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Tax Cuts and Jobs Act: What It Means for Individual Tax Filers

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Congress and the IRS make everything complex, especially this year as they passed the 2018 Tax Cuts and Jobs Act. With the majority of changes from the TCJA going into effect this year, we want to help simplify this for you and provide you with the necessary information to make smart decisions.

While many of these changes may not impact you immediately in 2018, they should still be considered for tax planning purposes. As Congress continues to issue clarifications and as the IRS works to update forms impacted by these changes, we at MGA are staying on top of it all for you. Our tax team is continually monitoring recent developments and issued guidance so we can be prepared to handle the complex reporting that will impact 2018 and future tax years.

In this blog, we have compiled the most relevant and impactful changes that were enacted. And as we continue to prepare for the tax season ahead, we will be detailing out specifics on some of the more complex tax issues highlighted below.

POTENTIALLY FAVORABLE

Reduction in Tax Rates For individuals-highest tax rate at 37% (down from 39.6%); Amount of income to achieve top tax bracket increased
Child Tax Credit $2,000 per dependent under 16 yrs of age; $500 credit allowed for dependents over 16 yrs of age 
Itemized Deduction limitation repealed Itemized deductions were previously subject to a reduction (3% of Adjusted Gross Income) for taxpayers with income over a certain threshold; this limitation is now repealed
Enhanced Bonus Depreciation 100% bonus depreciation for qualified property placed in service after 9/27/17 (versus 50% previously allowed)
Qualified Business Income Deduction (QBID) Potential 20% deduction for individual taxpayers with Qualified Business Income
Health Insurance Mandate Effective Jan. 2019, no penalty imposed for failing to maintain minimum essential coverage  **The requirement is still in effect for the 2018 tax year
Increased Standard Deduction

FILING STATUS

2018

2017

SINGLE/MARRIED FILING SEPARATE $12,000 $6,350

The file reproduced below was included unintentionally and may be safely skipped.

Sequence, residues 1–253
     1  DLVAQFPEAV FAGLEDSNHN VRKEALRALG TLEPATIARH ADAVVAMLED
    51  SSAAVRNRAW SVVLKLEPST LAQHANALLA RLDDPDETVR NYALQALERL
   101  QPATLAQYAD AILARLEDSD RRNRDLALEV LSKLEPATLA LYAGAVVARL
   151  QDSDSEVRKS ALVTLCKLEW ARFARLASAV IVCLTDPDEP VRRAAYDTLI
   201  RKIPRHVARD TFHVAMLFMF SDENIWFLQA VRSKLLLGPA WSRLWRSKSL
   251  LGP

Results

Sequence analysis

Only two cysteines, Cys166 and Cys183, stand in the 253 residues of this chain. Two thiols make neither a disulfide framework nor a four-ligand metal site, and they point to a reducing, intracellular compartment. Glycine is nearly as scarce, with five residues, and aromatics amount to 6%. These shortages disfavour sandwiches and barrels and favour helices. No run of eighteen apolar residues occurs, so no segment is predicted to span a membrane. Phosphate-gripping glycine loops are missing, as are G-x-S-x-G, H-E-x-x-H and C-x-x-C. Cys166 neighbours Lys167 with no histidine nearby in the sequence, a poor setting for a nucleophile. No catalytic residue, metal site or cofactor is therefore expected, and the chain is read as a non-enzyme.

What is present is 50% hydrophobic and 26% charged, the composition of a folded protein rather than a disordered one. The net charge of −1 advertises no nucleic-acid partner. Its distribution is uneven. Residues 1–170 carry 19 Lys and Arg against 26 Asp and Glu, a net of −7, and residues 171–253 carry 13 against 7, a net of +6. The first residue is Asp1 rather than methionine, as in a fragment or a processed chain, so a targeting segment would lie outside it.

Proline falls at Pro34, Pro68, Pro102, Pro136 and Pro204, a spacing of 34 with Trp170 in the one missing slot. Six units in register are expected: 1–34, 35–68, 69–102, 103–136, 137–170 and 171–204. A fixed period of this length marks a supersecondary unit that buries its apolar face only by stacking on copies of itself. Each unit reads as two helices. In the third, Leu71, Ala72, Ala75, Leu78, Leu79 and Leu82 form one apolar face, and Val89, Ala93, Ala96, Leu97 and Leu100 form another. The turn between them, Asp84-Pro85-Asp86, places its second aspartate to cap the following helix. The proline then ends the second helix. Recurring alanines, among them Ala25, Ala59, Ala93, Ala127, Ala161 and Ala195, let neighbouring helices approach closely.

MARRIED FILING JOINT $24,000 $12,700
HEAD OF HOUSEHOLD $18,000 $9,350
Alternative Minimum Tax (AMT)

For individuals, the AMT threshold increased from $187,800 to $191,500; exemption amounts increased significantly to $109,400 for Married Filing Joint (up from $84,500) and $70,300 for Single/Head of Household Filers (up from $54,300)

 

POTENTIALLY UNFAVORABLE

Property & Sales/Income Tax $10,000 aggregate limit for state income, property, and sales taxes paid
Mortgage Interest Limitation on deductible interest for loans exceeding $750K (previously limited  if loans exceeded $1MIL); existing loans, however, are  grandfathered in 
Business Loss Limitation Losses attributable to any trade or business are limited to gross income or gain + $500,000 for married filing  joint and $250,000  for single filers. Passive Loss rules apply before this limitation.   **Any loss disallowed is carried forward as an NOL
Alimony No longer deductible by payor but also not reportable as income by recipient
Exemptions Exemptions are no longer allowed starting with 2018 tax year; taxpayers were previously allowed a potential deduction of up to 4,000 per exemption claimed
Kiddie Tax Child's unearned income is now taxed at trust/estate tax brackets (as opposed to parent's tax rate); Child's earned income is taxed at single taxpayer's rates 
Entertainment Expense Business related entertainment expenses are no longer deductible; previously allowed as 50% deduction. **In general, Business Meals expense still subject to prior rules
Casualty Losses No longer allowed as a deduction unless the casualty occurred due to a Federally declared disaster area
Net Operating Losses (NOL's) For NOL's arising after 12/31/17, NOL deduction limited to 80% of taxable income (without regard to the NOL); excess loss is carried forward. NOL no longer allowed to be carried back
Disallowance of Miscellaneous Itemized Deductions Miscellaneous itemized deductions  (investment fees, unreimbursed employee expenses, tax preparation fees, etc.) are no longer deductible; previously allowed to extent these deductions exceeded 2% of Adjusted Gross Income

As we prepare our clients’ tax returns this upcoming year, we will be diving deeper by asking additional questions and clarifying information provided to ensure that we are not only compliant but also proactive in our approach to your specific tax needs and goals.

Read More About The New Tax Law

With the uncertainty of changing tax laws, MGA has the experts and experience to act quickly. Our team is ready to help you with tax planning today. Let's talk!

December 7, 2018